USTA presses for new COVID-19 relief bill

Negotiations continue in Congress on the latest federal aid

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Tori Emerson Barnes, executive vice president for public affairs and policy for the U.S. Travel Association, said in a statement that the COVID-19 relief framework under discussion in Congress can position the economy for full recovery.

THE U.S. TRAVEL Association is joining other industry groups in pressing Congress to reach an agreement on a proposed COVID-19 relief bill. However, negotiations remain ongoing with little progress, according to media reports.

It is encouraging that the proposed bipartisan bill contains several provisions USTA has been pushing for for months, said Tori Emerson Barnes, USTA’s executive vice president for public affairs and policy.

“In particular, the second draw on [Paycheck Protection Program] funds and the expansion of eligibility to non-profit organizations that promote travel and tourism will be especially beneficial to America’s hardest-hit industry,” Emerson Barnes said. “This relief proposal package is wisely responsive to specific needs outlined by industries that are struggling to keep their doors open and retain employees. It’s been a long and hard road to see a deal, and while more will ultimately be necessary, this framework can position the U.S. economy for a stronger recovery if it survives the next stages.”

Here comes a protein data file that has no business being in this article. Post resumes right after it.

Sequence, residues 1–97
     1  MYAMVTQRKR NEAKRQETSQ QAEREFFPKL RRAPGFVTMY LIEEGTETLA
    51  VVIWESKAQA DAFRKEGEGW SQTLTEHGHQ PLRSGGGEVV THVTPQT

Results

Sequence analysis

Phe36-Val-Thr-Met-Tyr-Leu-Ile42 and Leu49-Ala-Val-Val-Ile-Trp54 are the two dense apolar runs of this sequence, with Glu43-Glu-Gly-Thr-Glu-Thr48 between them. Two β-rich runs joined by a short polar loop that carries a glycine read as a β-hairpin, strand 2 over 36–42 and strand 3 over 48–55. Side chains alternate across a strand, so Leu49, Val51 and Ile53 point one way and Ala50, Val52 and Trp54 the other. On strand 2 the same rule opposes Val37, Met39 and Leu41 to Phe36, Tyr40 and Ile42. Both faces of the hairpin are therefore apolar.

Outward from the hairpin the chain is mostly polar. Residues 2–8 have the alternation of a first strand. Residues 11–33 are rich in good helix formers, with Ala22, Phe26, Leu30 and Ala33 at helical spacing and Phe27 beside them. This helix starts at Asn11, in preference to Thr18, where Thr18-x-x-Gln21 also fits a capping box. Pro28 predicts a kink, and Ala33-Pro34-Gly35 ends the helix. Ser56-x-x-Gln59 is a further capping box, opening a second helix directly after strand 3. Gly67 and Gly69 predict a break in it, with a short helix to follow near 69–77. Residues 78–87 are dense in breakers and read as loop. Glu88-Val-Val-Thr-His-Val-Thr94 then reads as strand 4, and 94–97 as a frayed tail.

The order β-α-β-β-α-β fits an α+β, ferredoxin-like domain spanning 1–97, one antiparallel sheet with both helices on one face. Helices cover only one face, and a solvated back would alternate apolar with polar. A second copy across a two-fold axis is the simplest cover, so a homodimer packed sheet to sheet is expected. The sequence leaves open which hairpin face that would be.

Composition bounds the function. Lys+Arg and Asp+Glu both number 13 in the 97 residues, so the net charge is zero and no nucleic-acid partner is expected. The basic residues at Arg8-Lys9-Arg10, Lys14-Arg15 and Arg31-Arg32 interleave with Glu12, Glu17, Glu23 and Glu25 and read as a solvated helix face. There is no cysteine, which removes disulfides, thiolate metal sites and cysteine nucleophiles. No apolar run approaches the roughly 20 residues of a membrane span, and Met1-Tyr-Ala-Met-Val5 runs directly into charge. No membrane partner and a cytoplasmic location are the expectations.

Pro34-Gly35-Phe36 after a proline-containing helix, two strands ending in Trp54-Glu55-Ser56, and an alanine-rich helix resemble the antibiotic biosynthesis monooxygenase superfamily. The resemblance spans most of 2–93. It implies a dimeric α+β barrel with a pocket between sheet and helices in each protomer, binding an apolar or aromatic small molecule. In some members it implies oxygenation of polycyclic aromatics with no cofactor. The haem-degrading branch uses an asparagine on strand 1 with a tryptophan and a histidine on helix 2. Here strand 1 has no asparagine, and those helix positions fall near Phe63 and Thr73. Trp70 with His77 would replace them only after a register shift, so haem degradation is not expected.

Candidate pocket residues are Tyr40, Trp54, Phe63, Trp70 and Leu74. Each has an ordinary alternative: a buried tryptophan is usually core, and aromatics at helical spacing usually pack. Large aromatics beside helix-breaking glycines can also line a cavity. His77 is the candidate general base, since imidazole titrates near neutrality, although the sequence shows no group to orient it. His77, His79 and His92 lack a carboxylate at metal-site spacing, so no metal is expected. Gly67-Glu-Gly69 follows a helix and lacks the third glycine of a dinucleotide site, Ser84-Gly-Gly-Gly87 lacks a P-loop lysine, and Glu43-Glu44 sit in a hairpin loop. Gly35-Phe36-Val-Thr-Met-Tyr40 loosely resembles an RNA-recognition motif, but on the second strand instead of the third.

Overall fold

Some progress had been made on the bill on Thursday when House Majority Leader Steny Hoyer said the House would adjourn until at least Tuesday, according to CNBC.com. However, Senate Majority Leader Mitch McConnell indicated that Republicans would not likely support the bill.

Previously, USTA and the American Hotel and Lodging Association endorsed a plan presented by the Problem Solvers Caucus, a group of 25 Democrats and 25 Republicans, and a bipartisan group of Senators that would include $908 billion in total aid.

The proposal would include $300 billion for the PPP according to the caucus’ most recent breakdown, a key objective of USTA, AHLA and AAHOA. It also includes $160 billion for state and local governments, $180 billion for unemployment benefits and $16 billion for vaccine development and distribution and COVID-19 testing.

“We need Congress to prioritize the industries and employees most affected by the crisis. Every hour Congress doesn’t act hotels lose 400 jobs, and we hope this proposal helps to break the partisan stalemate in Washington,” said Chip Rogers, AHLA’s president and CEO.